Freedy Johnston Blue Days Black Nights

Freedy Johnston: Albums Ranked from Worst to Best

Frederic Fatzer grew up in the small town of Kinsley, Kansas, notable for its equidistance between New York City and San Francisco. He sensibly adopted the stage name Freedy Johnston. His small town background initially constrained his music career – with no local music store, he bought his first guitar from a mail-order catalogue at the age of 16. He was already in his thirties when he released his breakthrough album Can You Fly.

Despite the acclaim for early 1990s work like Can You Fly and ‘Bad Reputation’, Johnston’s a largely unheralded figure. His rootsy power-pop is always tuneful and thoughtful, often tinged with a hint of darkness and disquiet. His economical, character-driven songwriting and his pleasantly keening voice are distinctive. He released four excellent records in a row between 1992’s Can You Fly and 1999’s Blue Days Black Nights, making him one of the most consistent artists of the 1990s.

Johnston released his ninth album, the impressive Back on the Road to You. How does it stack up next to the rest of his catalogue?

Freedy Johnston Albums Ranked

Freedy Johnston The Trouble Tree

#9 The Trouble Tree

Johnston’s debut album is something of a false start to his career. It’s raw and amateur compared to his later efforts – Johnston hasn’t yet found his songwriting voice and the backing band’s less adept than the distinguished musicians whom Johnston would later work with. The funky drumming works on tracks like ‘No Violins’, and ‘Red-Haired Girl’ is the heaviest song in Johnston’s catalogue.

Freedy Johnston Right Between The Promises

#8 Right Between the Promises

Right Between the Promises marks Johnston’s final record as a major-label artist. After a sequence of strong records, it feels like his creative well is depleted – indicated by an inessential cover of Edison Lighthouse’s ‘Love Grows (Where My Rosemary Goes’. The bluesy ‘Back to My Machine’ is a strange aberration in Johnston’s career. Aside from a couple of duff tracks, most of Promises is typically solid – the relaxed ‘That’s Alright With Me’ and the ukulele-driven ‘Radio for Heartache’ are more successful forays into new musical territory for Johnston.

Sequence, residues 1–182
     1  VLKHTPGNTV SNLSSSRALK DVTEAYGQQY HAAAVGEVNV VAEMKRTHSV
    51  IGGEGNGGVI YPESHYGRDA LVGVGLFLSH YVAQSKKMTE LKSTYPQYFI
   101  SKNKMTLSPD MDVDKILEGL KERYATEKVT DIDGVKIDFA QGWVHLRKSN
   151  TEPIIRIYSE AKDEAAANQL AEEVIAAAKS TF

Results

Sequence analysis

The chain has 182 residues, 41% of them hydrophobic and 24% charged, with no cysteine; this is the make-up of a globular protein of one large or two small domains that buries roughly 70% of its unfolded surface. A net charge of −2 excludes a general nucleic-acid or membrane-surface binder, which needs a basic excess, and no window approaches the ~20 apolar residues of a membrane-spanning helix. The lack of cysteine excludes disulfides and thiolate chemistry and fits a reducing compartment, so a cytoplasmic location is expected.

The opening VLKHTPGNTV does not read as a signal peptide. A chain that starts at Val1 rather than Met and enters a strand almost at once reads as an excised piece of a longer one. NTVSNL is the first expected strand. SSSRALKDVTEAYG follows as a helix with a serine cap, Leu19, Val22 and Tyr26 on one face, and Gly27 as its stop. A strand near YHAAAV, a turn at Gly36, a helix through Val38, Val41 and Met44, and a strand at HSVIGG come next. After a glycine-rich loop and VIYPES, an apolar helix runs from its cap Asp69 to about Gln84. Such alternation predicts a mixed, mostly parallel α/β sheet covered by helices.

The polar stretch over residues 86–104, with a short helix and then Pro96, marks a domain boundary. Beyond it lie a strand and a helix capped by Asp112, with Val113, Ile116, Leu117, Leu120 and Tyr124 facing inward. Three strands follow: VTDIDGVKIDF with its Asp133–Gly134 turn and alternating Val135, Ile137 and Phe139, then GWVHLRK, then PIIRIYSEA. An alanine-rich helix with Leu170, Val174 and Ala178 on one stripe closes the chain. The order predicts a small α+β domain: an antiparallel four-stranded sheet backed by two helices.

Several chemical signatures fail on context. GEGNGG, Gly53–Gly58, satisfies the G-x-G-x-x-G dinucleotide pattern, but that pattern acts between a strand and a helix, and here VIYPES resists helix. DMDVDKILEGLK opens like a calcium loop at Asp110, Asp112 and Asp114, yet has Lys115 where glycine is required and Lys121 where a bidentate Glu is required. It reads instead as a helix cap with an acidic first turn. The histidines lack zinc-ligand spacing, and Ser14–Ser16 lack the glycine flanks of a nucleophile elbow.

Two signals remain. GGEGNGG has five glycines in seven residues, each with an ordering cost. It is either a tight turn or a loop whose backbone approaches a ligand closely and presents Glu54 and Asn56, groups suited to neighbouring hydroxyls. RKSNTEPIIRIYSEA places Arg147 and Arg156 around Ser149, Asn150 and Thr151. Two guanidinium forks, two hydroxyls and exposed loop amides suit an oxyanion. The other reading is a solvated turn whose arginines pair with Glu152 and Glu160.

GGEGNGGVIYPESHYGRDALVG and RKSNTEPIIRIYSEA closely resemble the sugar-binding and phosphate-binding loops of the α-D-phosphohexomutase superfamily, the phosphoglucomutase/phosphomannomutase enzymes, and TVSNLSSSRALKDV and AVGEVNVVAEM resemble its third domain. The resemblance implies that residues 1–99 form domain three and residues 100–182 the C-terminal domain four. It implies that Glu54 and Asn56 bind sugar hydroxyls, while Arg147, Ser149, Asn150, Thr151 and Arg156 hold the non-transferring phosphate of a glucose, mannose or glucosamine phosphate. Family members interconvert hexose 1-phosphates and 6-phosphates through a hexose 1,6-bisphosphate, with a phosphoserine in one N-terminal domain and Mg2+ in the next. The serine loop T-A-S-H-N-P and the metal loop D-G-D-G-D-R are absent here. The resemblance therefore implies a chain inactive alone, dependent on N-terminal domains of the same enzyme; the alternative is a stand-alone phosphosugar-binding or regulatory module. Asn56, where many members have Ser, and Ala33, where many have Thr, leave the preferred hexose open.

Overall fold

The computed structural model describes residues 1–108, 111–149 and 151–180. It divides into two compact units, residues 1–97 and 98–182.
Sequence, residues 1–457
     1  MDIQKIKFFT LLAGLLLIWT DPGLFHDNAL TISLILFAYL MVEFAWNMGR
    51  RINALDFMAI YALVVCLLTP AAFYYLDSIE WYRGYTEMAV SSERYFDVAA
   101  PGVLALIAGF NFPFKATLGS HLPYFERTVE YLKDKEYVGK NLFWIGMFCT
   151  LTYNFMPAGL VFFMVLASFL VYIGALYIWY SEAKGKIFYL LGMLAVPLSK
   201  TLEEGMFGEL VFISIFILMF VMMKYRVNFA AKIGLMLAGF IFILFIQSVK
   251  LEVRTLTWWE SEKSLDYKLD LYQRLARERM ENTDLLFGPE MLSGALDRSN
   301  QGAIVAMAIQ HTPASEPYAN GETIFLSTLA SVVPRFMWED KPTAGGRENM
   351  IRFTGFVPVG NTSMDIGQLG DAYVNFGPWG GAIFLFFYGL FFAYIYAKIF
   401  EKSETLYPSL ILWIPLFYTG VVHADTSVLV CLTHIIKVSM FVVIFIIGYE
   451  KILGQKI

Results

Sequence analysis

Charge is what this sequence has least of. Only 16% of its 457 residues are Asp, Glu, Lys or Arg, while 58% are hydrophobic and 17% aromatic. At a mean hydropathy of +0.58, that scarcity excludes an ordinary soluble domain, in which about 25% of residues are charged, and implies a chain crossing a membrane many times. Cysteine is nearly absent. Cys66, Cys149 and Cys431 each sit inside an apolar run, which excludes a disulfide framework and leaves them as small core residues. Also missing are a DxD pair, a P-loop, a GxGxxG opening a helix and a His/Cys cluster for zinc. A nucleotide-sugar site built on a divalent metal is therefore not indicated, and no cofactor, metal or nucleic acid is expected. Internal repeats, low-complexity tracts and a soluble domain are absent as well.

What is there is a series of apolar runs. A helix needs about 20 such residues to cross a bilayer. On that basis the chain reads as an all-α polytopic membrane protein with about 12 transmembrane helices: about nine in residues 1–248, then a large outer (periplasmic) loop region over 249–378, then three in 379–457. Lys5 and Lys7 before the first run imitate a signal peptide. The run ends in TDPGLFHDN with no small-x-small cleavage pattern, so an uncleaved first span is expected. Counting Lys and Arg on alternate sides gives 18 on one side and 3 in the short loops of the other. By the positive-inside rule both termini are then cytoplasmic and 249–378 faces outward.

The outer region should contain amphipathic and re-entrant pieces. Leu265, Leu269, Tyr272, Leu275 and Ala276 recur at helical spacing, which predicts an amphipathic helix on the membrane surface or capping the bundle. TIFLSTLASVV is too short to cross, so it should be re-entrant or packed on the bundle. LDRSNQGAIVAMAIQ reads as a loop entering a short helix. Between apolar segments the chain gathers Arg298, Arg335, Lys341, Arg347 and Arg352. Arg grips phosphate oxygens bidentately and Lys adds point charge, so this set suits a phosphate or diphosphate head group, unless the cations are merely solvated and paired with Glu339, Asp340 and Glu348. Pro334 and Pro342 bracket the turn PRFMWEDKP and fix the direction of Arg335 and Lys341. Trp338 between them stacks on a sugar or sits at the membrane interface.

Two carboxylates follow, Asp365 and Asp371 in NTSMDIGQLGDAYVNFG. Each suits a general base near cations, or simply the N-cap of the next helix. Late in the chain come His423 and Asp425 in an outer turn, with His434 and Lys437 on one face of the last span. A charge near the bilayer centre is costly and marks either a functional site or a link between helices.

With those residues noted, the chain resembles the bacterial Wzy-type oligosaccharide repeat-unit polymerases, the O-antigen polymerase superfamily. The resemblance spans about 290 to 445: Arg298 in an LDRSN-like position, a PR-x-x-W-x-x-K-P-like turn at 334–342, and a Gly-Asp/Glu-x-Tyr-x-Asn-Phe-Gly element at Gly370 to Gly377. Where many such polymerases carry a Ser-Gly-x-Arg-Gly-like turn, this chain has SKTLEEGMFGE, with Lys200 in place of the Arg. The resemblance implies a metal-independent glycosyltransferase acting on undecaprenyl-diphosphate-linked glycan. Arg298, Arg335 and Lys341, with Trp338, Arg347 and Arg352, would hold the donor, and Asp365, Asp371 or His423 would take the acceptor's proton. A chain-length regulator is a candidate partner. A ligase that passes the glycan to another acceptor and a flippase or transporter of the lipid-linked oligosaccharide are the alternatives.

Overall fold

#7 Rain on the City

Johnston took nearly a decade to record a new studio album after Right Between The Promises, but when he returned he was reassuringly unchanged. Rain on the City is well-crafted, but sometimes a little too polite and restrained for its own good. It’s strongest when Johnston ups the energy – especially on standout track ‘Don’t Fall in Love With a Lonely Girl’, as well as ‘The Other Side Of Love’ and ‘Livin’ Too Close to the Rio Grande’.

#6 Neon Repairman

Neon Repairman follows a similar template to its predecessor, Rain on the City, a set of low-key yet classy songs. It’s Johnston’s first self-produced album. The title track was written to parallel Jimmy Webb’s ‘Wichita Lineman’. Other highlights include ‘The First to Leave the World, Is the First to See the World’, about Yuri Gargarin’s first space flight, and the rootsy power-pop of ‘TV In My Arms’.

Freedy Johnston Never Home

#5 Never Home

On his fourth album, Johnston works with Danny Kortchmarr, a guitarist known for his involvement with James Taylor. Working with the ace rhythm section of Graham Maby and ex-Tom Petty drummer Stan Lynch, Never Home has some of Johnston’s most energetic and intricate arrangements. Songs like the gritty opener ‘On The Way Out’, ‘One More Thing to Break’, and ‘You Get Me Lost’ overshadow the rest of the record.

#4 Back on the Road to You

Johnston’s ninth album is impressive, measuring up to the excellent series of records he made in the 1990s. It’s his most energetic for decades, while harmony vocals from Aimee Mann, Susan Cowsill, and Susanna Hoffs provide some extra colour. It features some of Johnston’s most conventional songwriting – the power pop of ‘The Power of Love’ isn’t as distinctive as most of Johnston’s work, but it’s interesting to hear him dabble in more normal songwriting. The graceful delicacy of ‘Trick of the Light’ is another gorgeously understated song in a catalogue abundant with them.